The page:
Make introducing plant classification fun and interest-led with a simple smartphone app. Learn how the Seek app makes it fun and easy to explore plant life.
In education, we tend to do things backward. We want to start with the book – with the head knowledge – and then, once they’re ready, give our kids a chance to try it out, to experience whatever they’ve learned.
We save the fun for last.
That’s a terrible idea. To learn something, we need two things: context and interest.
While it’s great to provide background knowledge (and structure and rules as needed for safety), most people learn most effectively through experience. Then we can apply that learning to the larger picture of the textbook or unit study.
This summer, my kids and I worked on plant classification in a rather unorthodox way. We used an app on my smartphone.
Using the Seek App to Introduce Plant Classification
Seek is a free app through a partnership with National Geographic and the California Academy of Sciences. It’s available for both iPhone and Android users. This thing is amazing! Using the app, you hold your phone up to a leaf of a plant you’re interested in. The app goes through the classification process with labels of class, order, family, genus, and species and tells you what plant you’re looking at.
We played with the Seek app all summer. It first came in handy when I *thought* I saw poison ivy but wasn’t sure since it was still small. Since then, my kids call me over regularly to identify unusual plants they encounter. We’ve been learning a lot – and it’s all been child-directed.
How the Seek App Works for Plant Identification
If you’re considering using this tool, here’s a bit of what we learned.
When you open the app, there’s a place to look for specific challenges, but we skip that and go straight to photo mode.
This app uses the traditional plant classification system (kingdom, phylum, class, order, family, genus, and species). Then, it shows on the screen how it systematically works through those different categories to move to positive plant identification.
From this app alone, my kids learned the terms “dicots” and its contrast, “monocots.” These words have become part of their vocabulary. When they asked to learn more, we looked up an encyclopedia article about monocots to understand them better.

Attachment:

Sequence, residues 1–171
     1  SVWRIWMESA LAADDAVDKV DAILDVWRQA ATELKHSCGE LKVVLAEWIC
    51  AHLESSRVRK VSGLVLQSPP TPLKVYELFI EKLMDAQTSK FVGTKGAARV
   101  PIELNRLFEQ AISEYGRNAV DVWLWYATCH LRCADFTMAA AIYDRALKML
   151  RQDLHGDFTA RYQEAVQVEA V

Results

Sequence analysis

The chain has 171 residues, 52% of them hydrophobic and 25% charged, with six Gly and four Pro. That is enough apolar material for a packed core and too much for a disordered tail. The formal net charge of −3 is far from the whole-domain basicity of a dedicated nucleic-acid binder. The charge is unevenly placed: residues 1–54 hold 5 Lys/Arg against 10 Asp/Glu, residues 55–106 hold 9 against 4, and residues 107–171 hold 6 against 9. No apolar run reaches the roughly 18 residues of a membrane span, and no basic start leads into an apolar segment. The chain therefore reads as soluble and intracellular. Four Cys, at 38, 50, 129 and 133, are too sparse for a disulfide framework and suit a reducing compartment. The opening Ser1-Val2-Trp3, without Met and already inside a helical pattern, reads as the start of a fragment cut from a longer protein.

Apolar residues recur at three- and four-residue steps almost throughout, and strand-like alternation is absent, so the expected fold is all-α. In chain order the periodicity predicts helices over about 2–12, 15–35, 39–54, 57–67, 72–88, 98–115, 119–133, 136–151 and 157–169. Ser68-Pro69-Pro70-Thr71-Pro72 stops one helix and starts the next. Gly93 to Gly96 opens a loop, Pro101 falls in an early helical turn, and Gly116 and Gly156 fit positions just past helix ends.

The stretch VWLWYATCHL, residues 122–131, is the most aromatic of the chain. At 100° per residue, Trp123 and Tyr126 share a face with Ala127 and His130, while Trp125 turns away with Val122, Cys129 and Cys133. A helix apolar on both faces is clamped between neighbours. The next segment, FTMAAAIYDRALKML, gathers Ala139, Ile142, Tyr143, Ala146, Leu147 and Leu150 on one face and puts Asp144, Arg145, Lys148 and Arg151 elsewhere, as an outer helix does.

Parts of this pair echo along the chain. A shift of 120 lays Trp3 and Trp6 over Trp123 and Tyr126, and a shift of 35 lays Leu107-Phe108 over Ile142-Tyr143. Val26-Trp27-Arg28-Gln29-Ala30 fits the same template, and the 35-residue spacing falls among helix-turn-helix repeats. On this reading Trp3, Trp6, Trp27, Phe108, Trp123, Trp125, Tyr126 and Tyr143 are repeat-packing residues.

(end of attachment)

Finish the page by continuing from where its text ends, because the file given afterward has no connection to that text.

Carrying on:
As the app gets a clearer picture of the plant you’re working to identify, it moves on to the next level, order. Followed by family, genus, and species.
My kids loved watching the app process the data, get a clearer picture, and then see the next category pop up. In the end, we discovered lots of plants we hadn’t found before or didn’t know by name, as well as confirming some that were already familiar.
If you so choose, you can give the app permission to save your photo with its geolocation to upload to its database for part of their citizen science project.
In the end, what I have loved about this exploration is how empowered my kids have been to learn new things. As they have demonstrated interest, they’ve been learning about plants and plant classification along the way. I had tried before to get the kids to engage in the natural world of their own accord. I used books, coloring books, field guides, and nature walks, but it never felt authentic. I always felt like I was pushing the interest, and as soon as I stopped pushing, they lost interest and found something else to do.
With this, they initiate. They ask questions. They find the novel, new, and different looking plants and start describing their characteristics and what they might be. From here, we may have enough of a basis to move on to a book or a field guide. If this happens, it will be because we have established a foundational interest, vocabulary, and general knowledge base through this open-ended exploration.
This type of learning is my favorite. It’s organic, real-life, flexible, and adaptable. And my kids direct the exploration. They want to know more, and I become their resource.
It can work in other subjects and areas, too, not just plant identification. Find a great resource, get your kids excited about it themselves, and then sit back and watch the magic happen.
What fun new resources have you discovered recently?